Definition of slack adjective from the Oxford Advanced Learner's Dictionary

     

    slack

     adjective
    adjective
    BrE BrE//slæk//
     
    ; NAmE NAmE//slæk//
     
    (slacker, slackest) Running a business
     
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  1. 1not stretched tight synonym loose She was staring into space, her mouth slack. The rope suddenly went slack. slack muscles
  2. 2(of business) not having many customers or sales; not busy a slack period Wednesdays are always slack. slack demand for beef See related entries: Running a business
  3. 3(disapproving) not putting enough care, attention or energy into something and so not doing it well enough He's been very slack in his work lately. Discipline in the classroom is very slack. We lost because of some slack defending on our part.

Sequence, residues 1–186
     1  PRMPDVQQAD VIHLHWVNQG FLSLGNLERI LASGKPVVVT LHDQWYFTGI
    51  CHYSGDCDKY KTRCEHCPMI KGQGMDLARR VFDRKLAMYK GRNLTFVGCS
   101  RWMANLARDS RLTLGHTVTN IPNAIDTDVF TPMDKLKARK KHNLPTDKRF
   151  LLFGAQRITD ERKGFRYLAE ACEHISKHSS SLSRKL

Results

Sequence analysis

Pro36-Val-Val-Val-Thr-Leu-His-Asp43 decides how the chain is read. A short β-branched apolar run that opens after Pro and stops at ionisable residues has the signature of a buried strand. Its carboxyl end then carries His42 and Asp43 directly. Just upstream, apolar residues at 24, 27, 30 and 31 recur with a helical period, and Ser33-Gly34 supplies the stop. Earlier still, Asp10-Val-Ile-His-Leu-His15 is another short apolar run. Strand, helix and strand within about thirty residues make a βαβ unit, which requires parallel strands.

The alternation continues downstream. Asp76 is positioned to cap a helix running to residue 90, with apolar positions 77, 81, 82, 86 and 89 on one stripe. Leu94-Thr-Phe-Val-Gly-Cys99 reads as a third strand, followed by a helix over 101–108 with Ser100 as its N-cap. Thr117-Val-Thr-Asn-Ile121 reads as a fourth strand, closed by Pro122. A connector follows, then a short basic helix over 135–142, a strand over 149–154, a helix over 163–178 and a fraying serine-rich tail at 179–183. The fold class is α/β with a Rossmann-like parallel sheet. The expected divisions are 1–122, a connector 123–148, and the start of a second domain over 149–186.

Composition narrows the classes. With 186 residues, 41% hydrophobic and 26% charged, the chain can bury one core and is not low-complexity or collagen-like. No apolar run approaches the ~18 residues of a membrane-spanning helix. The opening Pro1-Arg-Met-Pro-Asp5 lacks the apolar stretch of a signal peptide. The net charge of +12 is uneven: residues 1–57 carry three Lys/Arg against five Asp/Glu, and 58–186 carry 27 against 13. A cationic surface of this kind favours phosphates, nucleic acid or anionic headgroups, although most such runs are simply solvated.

4. Word Originadjective Old English slæc ‘inclined to be lazy, unhurried’, of Germanic origin; related to Latin laxus ‘loose’.Extra examples Let the reins go slack. She knew she had been very slack in her church attendance recently. Some of the ropes were completely slack. The antiques business remained slack. This season has been pretty slack for local hotels so far.
See the Oxford Advanced American Dictionary entry: slack